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The Ecological Heart of Teaching

Radical Tales of Refuge and Renewal for Classrooms and Communities


Edited By Jackie Seidel and David W. Jardine

The Ecological Heart of Teaching is a collection of writings by teachers about their life in classrooms. Reflecting over three years of collective work, it illustrates how teachers, parents, and students can avoid some of the distractions and panic endemic to many schools, allowing them to focus thoughtfully on rigorous, beautiful work. It draws on ecological thinking, Buddhism, and hermeneutics to provide deeper, richer, and more abundant sources for teaching, thinking, and practice, and shows how these three lineages provide keys to decode the current malaise that surrounds schooling. The book will be valuable to beginning and experienced teachers and administrators, as well as to parents and anyone involved in stepping away from the exhausting industrial images and ideas that have turned schooling into an ecological and intellectual disaster. For those interested in interpretive research and life-writing, the book provides a wide array of examples; it is a valuable resource for undergraduate classes in curriculum and teaching, as well as graduate research methods courses interested in new forms of thinking and writing.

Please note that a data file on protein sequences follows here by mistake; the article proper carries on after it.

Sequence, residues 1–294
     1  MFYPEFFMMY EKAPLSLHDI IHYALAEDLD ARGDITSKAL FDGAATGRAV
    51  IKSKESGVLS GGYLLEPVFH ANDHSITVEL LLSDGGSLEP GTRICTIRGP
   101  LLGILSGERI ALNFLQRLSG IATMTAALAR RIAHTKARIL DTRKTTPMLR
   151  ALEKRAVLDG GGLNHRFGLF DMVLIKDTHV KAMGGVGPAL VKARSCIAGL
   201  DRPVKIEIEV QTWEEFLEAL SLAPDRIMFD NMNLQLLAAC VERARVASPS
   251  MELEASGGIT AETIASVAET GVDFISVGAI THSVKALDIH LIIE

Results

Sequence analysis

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Chapter Sixty-Eight: An Ode to Xmas Present


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An Ode TO Xmas Present


Please don’t let me fear anything I cannot explain. I can’t believe I’ll never believe in anything again.


To begin, consider David Pope’s (2015) cartoon published at 7:09AM, January 7, 2015 ( A slightly pudgy, balding man lying in a pool of blood, his pencil, bent glasses and a piece of paper with a sketch on it beside him. Standing over him, a hooded figure with an AK47, still smoking, saying:

“He drew first.”

It is always rather disturbing to discover that something that I have felt or believed or been resigned to or took to be true is a fabrication that has no necessity to it at all. There is a terrible vertigo that comes in finding that believing it to be permanent or beyond question or fixed is just the outcome of causes and conditions that have fallen from memory and view. Such occluding amnesia is, it seems, a perennial part of the human condition. It makes my intimate and heartfelt experiences seem immediate and obvious and “simply the way things are.” A life of semblance has its own comforts, of course. Such “moon-sickness” (Gadamer, 1989, p. 25) makes it hard to see straight after recent events, and not let the inherited-and-forgotten immediacies of media flurries turn to whiteouts and skidding off the road....

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